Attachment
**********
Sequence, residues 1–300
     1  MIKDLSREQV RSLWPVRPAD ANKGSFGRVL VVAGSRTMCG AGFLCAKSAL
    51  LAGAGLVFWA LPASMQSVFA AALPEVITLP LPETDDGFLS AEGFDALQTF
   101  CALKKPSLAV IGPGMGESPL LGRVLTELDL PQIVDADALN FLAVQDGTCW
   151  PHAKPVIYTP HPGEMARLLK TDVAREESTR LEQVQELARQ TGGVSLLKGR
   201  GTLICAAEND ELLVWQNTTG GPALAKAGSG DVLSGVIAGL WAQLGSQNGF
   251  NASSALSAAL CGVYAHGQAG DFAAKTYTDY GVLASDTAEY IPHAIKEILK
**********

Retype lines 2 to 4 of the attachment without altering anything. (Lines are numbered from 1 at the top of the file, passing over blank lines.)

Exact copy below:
     1  MIKDLSREQV RSLWPVRPAD ANKGSFGRVL VVAGSRTMCG AGFLCAKSAL
    51  LAGAGLVFWA LPASMQSVFA AALPEVITLP LPETDDGFLS AEGFDALQTF
   101  CALKKPSLAV IGPGMGESPL LGRVLTELDL PQIVDADALN FLAVQDGTCW